Queen of Spades

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Illustrations by Gennady Yepifanov (Г. Епифанова) for Pushkin’s Queen of Spades, 1966:

01 Gennady Yepifanov, illus. for Pushkin's Queen of Spades, 1966

02 Gennady Yepifanov, illus. for Pushkin's Queen of Spades, 1966

03 Gennady Yepifanov, illus. for Pushkin's Queen of Spades, 1966

04 Gennady Yepifanov, illus. for Pushkin's Queen of Spades, 1966

05 Gennady Yepifanov, illus. for Pushkin's Queen of Spades, 1966

06 Gennady Yepifanov, illus. for Pushkin's Queen of Spades, 1966

07 Gennady Yepifanov, illus. for Pushkin's Queen of Spades, 1966

08 Gennady Yepifanov, illus. for Pushkin's Queen of Spades, 1966

09 Gennady Yepifanov, illus. for Pushkin's Queen of Spades, 1966

10 Gennady Yepifanov, illus. for Pushkin's Queen of Spades, 1966

11 Gennady Yepifanov, illus. for Pushkin's Queen of Spades, 1966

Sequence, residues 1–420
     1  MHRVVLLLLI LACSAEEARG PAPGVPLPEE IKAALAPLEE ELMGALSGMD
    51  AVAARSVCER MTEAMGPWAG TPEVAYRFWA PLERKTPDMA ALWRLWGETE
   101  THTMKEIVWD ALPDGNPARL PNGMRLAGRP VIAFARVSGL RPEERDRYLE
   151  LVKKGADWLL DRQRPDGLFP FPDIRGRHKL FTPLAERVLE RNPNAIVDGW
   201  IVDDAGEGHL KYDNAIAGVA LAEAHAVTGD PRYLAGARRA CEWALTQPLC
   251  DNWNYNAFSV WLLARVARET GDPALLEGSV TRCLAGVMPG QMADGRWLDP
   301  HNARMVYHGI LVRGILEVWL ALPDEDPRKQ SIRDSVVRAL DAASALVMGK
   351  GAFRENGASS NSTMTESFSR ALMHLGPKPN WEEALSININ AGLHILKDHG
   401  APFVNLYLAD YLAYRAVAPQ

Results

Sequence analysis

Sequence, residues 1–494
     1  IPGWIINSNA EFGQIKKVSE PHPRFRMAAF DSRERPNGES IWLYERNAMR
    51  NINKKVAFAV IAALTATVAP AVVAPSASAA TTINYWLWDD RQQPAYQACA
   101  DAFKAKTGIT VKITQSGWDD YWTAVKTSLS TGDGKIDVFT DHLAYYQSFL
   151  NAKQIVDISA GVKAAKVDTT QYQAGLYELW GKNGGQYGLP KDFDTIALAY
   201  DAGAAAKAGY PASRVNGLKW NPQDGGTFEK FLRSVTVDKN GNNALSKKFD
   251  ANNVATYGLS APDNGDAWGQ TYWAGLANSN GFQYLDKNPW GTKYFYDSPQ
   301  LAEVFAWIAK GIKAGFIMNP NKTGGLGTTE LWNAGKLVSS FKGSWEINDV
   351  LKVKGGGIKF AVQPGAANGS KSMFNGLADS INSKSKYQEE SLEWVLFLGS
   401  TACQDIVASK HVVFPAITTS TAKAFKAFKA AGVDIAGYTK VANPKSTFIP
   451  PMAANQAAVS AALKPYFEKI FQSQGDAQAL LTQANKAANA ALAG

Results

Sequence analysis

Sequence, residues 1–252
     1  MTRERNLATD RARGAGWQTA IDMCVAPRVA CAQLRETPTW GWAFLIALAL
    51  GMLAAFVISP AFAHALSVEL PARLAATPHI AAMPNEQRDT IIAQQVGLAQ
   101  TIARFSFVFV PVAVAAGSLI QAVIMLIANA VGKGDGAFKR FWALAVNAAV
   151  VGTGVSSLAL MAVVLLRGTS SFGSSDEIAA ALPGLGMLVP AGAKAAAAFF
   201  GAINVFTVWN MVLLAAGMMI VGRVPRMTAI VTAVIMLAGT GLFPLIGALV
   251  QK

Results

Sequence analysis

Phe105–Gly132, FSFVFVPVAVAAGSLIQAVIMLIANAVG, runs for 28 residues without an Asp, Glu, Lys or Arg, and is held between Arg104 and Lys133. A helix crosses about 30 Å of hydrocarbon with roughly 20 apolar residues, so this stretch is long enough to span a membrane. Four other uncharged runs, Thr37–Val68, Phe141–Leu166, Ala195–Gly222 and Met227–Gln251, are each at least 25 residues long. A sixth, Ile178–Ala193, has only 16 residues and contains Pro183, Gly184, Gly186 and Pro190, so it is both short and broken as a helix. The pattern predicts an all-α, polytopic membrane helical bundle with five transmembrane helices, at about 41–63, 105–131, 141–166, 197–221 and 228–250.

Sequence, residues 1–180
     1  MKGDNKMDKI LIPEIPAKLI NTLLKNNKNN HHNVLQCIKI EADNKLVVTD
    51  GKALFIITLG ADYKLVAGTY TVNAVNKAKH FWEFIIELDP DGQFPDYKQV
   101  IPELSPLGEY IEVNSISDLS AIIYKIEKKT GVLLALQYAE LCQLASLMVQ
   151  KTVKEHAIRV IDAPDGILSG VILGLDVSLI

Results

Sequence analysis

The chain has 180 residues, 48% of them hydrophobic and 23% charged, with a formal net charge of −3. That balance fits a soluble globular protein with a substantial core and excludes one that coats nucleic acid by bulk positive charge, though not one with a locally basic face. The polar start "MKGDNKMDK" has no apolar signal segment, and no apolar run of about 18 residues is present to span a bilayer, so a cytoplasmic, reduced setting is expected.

12 Gennady Yepifanov (Г. Епифанова), illus. for Pushkin's Queen of Spades, 1966

These images come from da-zdra-per-m, my favorite Russian illustration blog. (This is my second post from their archives, following Snuffbox Village.)

I’ve seen the illustrator’s name spelled Yepifanov and Epifanov. He was a wood carver and engraver (1900-1985).

While browsing (unsuccessfully) for a good post title, I came upon this quote in a paper exploring Pushkin’s possible influence on The Aspern Papers:

[Queen of Spades] is probably the most over-interpreted text in Russian literature… James may have been drawn by its hermeneutically provocative character. The tale has attained a scriptural status, and its exegetes find deep meaning in every word. Gematria, Masonic and numerological symbolism, secret messages to Decembrist conspirators, are thought to lurk in every corner. The loose ends of the plot are treated as sacred enigmas, and Pushkin is supposed to anticipate modernism and postmodernism in his cultivation of indeterminacy and undecidability, teasing the reader at every turn. The shifts back and forth in time and the changing points of view are taken as a display of sophisticated narrative technique. The style is said to have a limpidity and vital rhythm such as we find in Voltaire or Stendhal. In a story of such consummate craftmanship, it is thought, the oddities and enigmas must be fully deliberate.

Previously:

Alexeieff’s Queen of Spades


Will Schofield is the editor of 50 Watts (original name: A Journey Round My Skull) and Writers No One Reads. More from this author →